Our group studies the mechanisms leukocytes use to find their way across the vessel wall. The main goal is to unravel the signaling routes that are induced in the endothelium by adherent leukocytes. This signaling induces formation of docking structures and is required for proper diapedesis. The signaling induced by clustering of adhesion molecules such as ICAM-1 and VCAM-1 is analyzed using real-time fluorescence microscopy in combination with physiological flow as well as by biochemical and cell biological assays.
For this project, the student will learn to study protein-protein interactions, including biochemical approaches such as immuno-precipitations, Western blotting. In addition, focus will be on measuring the activity of small GTPases and GEFs using specific GST-pull down assays. Also, transmigration of leukocytes across endothelial monolayers in real-time using flow-based migration set up will be used. Moreover, to study the role of some specific proteins, RNAi techniques to silence proteins of interest will be learned. The project will be finished with an oral presentation in front of the department including a small institute committee (still to assemble), together with a written report.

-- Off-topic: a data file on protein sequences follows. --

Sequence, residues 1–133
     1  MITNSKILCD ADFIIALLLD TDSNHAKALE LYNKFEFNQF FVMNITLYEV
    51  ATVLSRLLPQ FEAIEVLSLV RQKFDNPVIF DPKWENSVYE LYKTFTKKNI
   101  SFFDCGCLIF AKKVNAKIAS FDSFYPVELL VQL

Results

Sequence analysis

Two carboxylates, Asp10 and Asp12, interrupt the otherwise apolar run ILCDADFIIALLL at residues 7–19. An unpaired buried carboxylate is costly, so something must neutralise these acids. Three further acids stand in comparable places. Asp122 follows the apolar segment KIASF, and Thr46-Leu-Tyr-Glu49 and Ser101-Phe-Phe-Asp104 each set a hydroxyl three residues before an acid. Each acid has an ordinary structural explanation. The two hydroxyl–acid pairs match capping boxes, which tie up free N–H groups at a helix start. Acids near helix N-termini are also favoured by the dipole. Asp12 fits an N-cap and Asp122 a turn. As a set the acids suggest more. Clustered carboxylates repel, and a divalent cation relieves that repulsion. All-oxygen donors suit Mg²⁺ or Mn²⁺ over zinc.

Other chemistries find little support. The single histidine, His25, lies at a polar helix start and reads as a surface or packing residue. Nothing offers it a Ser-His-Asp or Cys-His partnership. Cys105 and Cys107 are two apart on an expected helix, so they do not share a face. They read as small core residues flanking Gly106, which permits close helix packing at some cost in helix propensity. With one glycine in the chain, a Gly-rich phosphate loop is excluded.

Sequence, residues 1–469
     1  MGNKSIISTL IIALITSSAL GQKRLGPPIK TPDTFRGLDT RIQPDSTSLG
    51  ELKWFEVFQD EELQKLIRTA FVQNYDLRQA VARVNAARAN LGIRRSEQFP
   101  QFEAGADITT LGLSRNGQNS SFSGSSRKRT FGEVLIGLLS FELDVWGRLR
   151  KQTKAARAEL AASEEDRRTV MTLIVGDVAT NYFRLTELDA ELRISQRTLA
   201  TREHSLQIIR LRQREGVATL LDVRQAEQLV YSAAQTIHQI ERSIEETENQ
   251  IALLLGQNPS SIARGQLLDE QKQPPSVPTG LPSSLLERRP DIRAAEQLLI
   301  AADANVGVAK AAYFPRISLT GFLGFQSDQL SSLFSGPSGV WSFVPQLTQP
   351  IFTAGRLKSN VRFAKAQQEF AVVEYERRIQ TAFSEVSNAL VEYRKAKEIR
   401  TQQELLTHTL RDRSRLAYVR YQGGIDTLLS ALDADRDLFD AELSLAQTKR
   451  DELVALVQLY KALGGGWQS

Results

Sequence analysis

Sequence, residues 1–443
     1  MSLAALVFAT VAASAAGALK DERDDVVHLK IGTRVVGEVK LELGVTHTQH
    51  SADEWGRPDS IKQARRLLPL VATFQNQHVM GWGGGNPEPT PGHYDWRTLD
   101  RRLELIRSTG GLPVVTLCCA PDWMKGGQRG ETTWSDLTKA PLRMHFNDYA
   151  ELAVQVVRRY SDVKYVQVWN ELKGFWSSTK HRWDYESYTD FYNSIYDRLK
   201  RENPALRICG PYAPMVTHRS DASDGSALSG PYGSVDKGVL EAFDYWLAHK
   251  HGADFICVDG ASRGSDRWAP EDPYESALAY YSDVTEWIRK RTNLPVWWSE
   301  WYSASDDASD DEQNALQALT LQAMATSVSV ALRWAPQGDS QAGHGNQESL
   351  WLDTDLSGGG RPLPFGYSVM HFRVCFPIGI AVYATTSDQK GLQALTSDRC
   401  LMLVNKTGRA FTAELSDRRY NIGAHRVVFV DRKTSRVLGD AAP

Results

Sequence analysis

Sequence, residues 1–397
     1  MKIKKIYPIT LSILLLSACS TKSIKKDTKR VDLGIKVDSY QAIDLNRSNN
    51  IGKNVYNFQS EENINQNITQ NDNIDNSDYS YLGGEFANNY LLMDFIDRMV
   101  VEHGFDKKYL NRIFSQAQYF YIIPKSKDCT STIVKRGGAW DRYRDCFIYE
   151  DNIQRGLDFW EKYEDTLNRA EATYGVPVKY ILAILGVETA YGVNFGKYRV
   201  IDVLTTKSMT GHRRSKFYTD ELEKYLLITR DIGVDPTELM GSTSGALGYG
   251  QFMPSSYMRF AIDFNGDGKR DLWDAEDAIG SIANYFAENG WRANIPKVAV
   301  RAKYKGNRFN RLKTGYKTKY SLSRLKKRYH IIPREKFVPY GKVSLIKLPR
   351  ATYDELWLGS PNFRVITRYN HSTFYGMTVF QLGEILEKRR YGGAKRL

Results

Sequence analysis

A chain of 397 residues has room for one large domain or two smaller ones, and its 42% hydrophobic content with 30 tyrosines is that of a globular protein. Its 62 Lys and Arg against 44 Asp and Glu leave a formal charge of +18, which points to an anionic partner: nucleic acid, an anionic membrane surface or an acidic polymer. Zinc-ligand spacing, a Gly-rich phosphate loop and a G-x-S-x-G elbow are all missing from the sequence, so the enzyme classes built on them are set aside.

To produce GST-fusion proteins, E.coli bacteria will be transformed, grown and protein of interest will be isolated. Using cells such as primary endothelial cells or HeLa cells, activity of GTPases such as Rac1, RhoG and RhoA will be performed. Also, with nucleotide-free mutants of specific GTPases, the activity of GEFs will be measured. Samples will be analyzed by Western blotting. Transmigration assays will be carried out using confocal and wide-field microscopy in time. Using a 37°C incubator chamber, together with a controlled infusion pump, leukocytes, e.g. monocytes and neutrophils, will be perfused over the endothelial cells. Silencing of specific proteins in the endothelial cells will answer the contribution of these proteins to this process. If sufficient time, we will attempt to image the transmigration process in 4D, i.e. 3 dimensional in time using fluorescently-tagged proteins and confocal laser scanning microscopy.
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